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Thursday, 19 September 2002
Page: 6817


Mr MARTIN FERGUSON (1:02 PM) —Today I wish to talk about the tail on the Liberal Party dog—a shambles that calls itself the National Party. As we all know—and as you, Mr Deputy Speaker Causley, know better than me—the so-called party for the bush is in dire straits all across the country and it is finding itself increasingly irrelevant in the Liberal-National Party coalition.

As the member for Hinkler would appreciate, in Queensland the Liberals just do not want to know them and the same goes for my home state of Victoria. Talk of the National Party in the Northern Territory brings looks of bewilderment from the locals. The same is the case in Tasmania. Here in Canberra, the Leader of the National Party, the member for Gwydir, is struggling, as we all appreciate, to keep the Liberal Party from engulfing grassroots bush seats—just look at the outcome of the last federal election. That is ironic because, when the National Party is supposed to be the party of the bush, it is becoming more and more irrelevant.

We should also understand that the National Party leader is struggling to keep the troops in line. Let us take the issue of the full sale of Telstra. Day in and day out, we hear the rumblings from the four National Party state branches. They know that selling Telstra will be a disaster for service providers. What is the National Party leader's response? I am sure the member for Hinkler is aware of this quote. The leader of the National Party has said:

... running a modern political party we always take serious note of what our organisation says, but the final say clearly always belongs with the party room.

I suggest to the House this afternoon that clearly the leader of the National Party cannot take the pressure from his so-called cabinet partner, the Liberal Party, and will roll over no matter what the cost. I contend that this speaks volumes about the commitment the National Party's parliamentary members have to serving their constituents. However, the National Party leader's parliamentary colleagues are turning to a new leader to guide them along the way. Who could look past the member for Dawson's recent worship of the Prime Minister at the National Party federal council, no less, over the weekend—a very good friend, I appreciate, of the member for Hinkler. Why are they losing faith in the member for Gwydir? The answer is simple: it is about leadership. Mr Deputy Speaker Causley, you have a history of being able to count the numbers. Why else would you be occupying that high office at the moment—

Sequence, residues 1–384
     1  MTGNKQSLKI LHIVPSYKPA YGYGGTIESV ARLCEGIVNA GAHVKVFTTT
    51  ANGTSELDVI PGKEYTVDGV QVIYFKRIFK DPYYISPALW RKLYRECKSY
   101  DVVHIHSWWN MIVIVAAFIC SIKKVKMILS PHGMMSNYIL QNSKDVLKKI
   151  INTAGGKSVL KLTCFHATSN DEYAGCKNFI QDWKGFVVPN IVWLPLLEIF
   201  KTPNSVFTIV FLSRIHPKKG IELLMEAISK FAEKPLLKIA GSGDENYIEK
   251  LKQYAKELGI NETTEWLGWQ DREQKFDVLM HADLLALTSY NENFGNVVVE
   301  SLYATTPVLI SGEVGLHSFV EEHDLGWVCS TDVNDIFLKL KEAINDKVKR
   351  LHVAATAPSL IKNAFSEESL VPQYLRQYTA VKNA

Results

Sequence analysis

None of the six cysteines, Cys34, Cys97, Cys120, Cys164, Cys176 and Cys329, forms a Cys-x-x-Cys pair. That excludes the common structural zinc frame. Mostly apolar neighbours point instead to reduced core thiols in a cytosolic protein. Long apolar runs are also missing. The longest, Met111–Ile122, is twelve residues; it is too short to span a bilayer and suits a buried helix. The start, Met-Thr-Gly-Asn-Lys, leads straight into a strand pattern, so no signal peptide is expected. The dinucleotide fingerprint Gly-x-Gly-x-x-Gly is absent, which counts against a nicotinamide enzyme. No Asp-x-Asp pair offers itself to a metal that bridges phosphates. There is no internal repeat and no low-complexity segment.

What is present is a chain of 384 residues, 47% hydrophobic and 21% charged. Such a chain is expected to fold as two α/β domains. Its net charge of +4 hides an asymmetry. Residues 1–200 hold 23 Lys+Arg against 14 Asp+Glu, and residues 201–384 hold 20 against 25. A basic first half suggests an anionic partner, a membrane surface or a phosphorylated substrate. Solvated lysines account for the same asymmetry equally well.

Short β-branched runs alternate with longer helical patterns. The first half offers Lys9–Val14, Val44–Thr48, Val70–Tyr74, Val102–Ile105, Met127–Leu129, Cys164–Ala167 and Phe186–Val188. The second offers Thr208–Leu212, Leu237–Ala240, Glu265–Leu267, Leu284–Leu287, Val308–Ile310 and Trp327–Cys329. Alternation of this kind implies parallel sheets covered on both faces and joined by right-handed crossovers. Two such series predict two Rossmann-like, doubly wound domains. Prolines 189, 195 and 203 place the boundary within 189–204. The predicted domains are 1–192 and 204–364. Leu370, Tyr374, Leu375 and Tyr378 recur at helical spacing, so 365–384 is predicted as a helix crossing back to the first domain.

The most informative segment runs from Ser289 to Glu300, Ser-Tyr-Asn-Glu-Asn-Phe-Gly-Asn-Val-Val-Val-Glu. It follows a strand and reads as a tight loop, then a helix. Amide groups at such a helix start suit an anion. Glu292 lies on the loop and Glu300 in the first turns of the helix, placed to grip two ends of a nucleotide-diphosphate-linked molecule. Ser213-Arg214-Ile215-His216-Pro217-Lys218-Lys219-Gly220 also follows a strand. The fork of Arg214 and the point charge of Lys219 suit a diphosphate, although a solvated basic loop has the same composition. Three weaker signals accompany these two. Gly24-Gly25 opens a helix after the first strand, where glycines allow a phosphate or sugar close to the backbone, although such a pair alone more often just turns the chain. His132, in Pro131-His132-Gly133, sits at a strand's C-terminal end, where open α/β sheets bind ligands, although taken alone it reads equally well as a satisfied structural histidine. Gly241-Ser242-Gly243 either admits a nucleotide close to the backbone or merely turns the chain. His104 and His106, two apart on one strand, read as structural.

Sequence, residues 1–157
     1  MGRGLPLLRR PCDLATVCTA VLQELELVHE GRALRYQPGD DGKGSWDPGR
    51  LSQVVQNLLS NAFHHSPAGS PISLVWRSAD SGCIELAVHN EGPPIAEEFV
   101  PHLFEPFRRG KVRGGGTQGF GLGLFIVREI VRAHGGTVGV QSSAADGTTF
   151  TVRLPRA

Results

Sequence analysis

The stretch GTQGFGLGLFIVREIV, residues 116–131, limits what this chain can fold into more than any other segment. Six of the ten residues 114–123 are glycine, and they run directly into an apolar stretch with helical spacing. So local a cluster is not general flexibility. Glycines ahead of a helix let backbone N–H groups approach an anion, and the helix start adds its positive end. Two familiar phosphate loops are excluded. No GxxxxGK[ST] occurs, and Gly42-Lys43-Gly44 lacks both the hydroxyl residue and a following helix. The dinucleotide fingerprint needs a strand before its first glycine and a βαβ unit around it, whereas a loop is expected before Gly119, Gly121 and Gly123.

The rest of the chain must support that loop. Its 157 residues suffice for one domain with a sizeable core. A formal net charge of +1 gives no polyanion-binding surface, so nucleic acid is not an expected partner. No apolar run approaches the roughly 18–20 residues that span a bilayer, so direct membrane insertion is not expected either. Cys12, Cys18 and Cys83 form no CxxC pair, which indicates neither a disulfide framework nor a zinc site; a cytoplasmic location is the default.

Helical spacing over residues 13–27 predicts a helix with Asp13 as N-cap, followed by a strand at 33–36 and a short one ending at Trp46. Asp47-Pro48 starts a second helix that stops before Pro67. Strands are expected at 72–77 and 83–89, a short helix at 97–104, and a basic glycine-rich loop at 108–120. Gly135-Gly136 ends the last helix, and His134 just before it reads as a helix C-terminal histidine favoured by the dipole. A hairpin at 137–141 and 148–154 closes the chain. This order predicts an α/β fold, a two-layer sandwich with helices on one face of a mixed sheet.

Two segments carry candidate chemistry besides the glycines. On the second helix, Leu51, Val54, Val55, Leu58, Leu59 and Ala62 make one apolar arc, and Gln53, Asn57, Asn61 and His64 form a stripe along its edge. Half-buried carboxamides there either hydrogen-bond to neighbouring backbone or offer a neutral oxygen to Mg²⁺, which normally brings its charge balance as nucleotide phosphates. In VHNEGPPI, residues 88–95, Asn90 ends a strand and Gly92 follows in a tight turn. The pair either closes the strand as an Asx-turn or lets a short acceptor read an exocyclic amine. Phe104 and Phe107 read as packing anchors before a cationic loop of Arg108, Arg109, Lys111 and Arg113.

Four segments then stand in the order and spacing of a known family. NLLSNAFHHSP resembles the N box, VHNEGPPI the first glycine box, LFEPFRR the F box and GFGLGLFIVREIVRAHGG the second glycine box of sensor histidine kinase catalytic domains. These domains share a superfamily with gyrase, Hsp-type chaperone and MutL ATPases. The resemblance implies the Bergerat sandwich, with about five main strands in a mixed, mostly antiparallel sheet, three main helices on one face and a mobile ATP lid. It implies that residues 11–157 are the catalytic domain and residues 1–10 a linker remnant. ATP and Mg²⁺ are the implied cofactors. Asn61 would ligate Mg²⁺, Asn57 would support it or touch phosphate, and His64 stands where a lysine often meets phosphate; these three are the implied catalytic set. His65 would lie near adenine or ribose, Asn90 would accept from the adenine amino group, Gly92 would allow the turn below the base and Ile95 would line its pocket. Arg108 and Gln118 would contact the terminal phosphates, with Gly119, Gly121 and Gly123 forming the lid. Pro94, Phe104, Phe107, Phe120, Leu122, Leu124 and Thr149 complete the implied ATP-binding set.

The DEPUTY SPEAKER (Hon. I.R. Causley)—I remind the member for Batman that the chair does not—


Mr MARTIN FERGUSON —A strong party needs a strong and committed leader, a leader who will fight for what they believe in and serve the people who elected them to the best of their ability. I do not believe the Deputy Prime Minister is fighting for what he believes in. His constant failings in the Transport and Regional Services portfolio are further proof that the wind has gone out of his sails. I suggest to the House that the National Party leader has had enough. He is tired; he has said it on a number of occasions in his public murmurings. He wants to go back to the farm, to go home and rest. It is my belief, Mr Deputy Speaker—and I am not asking you to endorse my comments today because I know about solidarity in the party room: you can have your private and your public positions—that a position as esteemed as that of Deputy Prime Minister should be filled by someone committed to serving the people of Australia. Even you would like to put your hand up if the position became vacant, Mr Deputy Speaker Causley. The Deputy Prime Minister should not be someone whose apathy is reflected time and time again in his failings as a party leader and as a cabinet minister.

I believe that in essence we ought to consider this: if you are holding the reins, then ride the horse; if you are not going to ride the horse, then get off. In essence, the real challenge to the National Party at this point in time is whether it is going to allow itself to continue to be the tail on the Liberal Party dog or whether it is going to stand up for its traditional constituency—a job that it once did proudly, some time ago. Unfortunately, I have come to the conclusion that the tail on the Liberal Party dog is going to continue to get cut shorter and shorter at successive federal elections as we move further into the 21st century.

It is time for the member for Gwydir to head to the backbench and make way for someone committed to the job. We all know that the numbers are being counted—and not just in the Liberal Party. The Minister for Trade has his eyes on the Deputy Prime Minister's seat. (Time expired)